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Leader's Edge Begin at the End

When interviewing job candidates, know where you are going before you begin.

By  Julia Kramer

You have a job opening and post a great advertisement. Résumés are pouring in, and some of them look really good. As the hiring machine pushes things along, it’ll soon be your turn to meet the candidate. You dive in, have a lengthy discussion and talk about next steps. But, like many hiring managers, after the interview you scratch your head, unsure what you’ve learned from all the talking.

Planning for an interview may relieve this post-parting confusion. Planning doesn’t just include reviewing the job description, screening the résumé and selecting the questions you will ask. Planning also means contemplating your desired outcomes and working backwards to put in place those steps that will ensure you get the results you want. By beginning at the end, you can separate the ineffective procedures from those that really matter. Try the following upside-down methodology and see if it works for you.

The End. Ask yourself, “When this interview is over, what must I know about this candidate?” Separate those must-know items into categories such as interpersonal skills, communication skills, job knowledge and performance history. Define each of these categories. For example, interpersonal skills may include the ability to quickly establish rapport, to contribute to a positive and participative dialogue, to demonstrate understanding, and to display professionalism and credibility. Job knowledge, as opposed to experience, could be defined in terms of the industry, the organization, the function or the specific position. It could also be defined as competency in defined areas or a skill set that may require testing. Don’t assume that a candidate will be an automatic fit just because his or her job title matches the one you need to fill.

The Middle. Once you have your list of required informational outcomes, you’ll need to figure out how to uncover this information during the interview. Interpersonal skills are not determined via questions, so you must carefully observe the interaction even as you are a part of it. Note the candidate’s level of confidence, handshake and effectiveness of initial greeting. During the interview, take a moment to reflect on how this candidate makes you feel—comfortable or tense, good-humored or defensive, eager to continue or ready to push the eject button. For other skill sets and experience, ask carefully selected questions to start a discussion, but prepare to piggyback others based on the candidate’s answers. There is little to gain in sticking to a list of questions if you don’t go with the flow and follow up on interesting or suspect answers. Don’t worry that every interview is not identical—your goal is to gather pertinent information about the same general categories so that you can compare apples to apples, with the understanding that there are many varieties of that same fruit.

The Beginning. Once you’ve worked backwards to the beginning based on clearly identified goals and objectives, check your job posting to make sure it’s in line with your goals, meet with HR or the team that is helping you in the interview process to make sure you’re on the same page, and select your questions. There are innumerable great questions that you can ask an applicant. Not one of them can be answered with a yes or no. That’s rule number one. Don’t create a conversation around yes-and-no questions.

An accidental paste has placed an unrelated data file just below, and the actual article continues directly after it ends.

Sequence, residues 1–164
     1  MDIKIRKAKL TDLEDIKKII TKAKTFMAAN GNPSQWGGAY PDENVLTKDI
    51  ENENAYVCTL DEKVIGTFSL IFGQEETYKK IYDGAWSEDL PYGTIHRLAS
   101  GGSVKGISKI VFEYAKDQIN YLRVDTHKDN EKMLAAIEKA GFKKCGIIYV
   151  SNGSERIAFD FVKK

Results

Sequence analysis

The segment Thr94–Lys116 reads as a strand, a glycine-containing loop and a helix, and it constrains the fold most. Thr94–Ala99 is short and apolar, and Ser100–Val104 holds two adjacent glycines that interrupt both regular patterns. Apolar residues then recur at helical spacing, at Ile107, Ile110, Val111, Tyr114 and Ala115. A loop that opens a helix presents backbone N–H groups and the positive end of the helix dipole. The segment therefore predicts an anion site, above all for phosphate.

Second, know that even the best questions will probably not uncover inconsistencies or outright lies on the résumé. That’s what reference checks are for. The most productive questions require applicants to reach back into their experiences, synthesize data, and respond with an appropriate answer. For example, if you are interested in a candidate with leadership potential, you might ask: “Tell me about the last time that you spontaneously took on a leadership role on the job.” This approach will let you know whether the candidate can step up when the opportunity presents itself and how the candidate defines leadership. You’ll also learn something from the experience conveyed in the candidate’s answer. If you are seeking someone with service skills, ask the candidate to describe an instance when they successfully handled a difficult interaction with a client.

Let the candidates know that you are not looking for theoretical answers but want them to relate real-life experiences. Remind them if they seem to be making it up as they go along.

Starting an interview without knowing where you want it to end is like jumping off a cliff without knowing the length of your bungee cord. You’re leaving it to chance that you’ll arrive at your goal in good shape. Begin at the end by first identifying the desired outcome of the interview. Then plan the middle to ensure that you’ll get there in the most efficient way possible. Only then are you ready to start a dialogue following a process that is well conceived, from end to beginning.

Kramer is The Council’s senior vice president, Office of the President.


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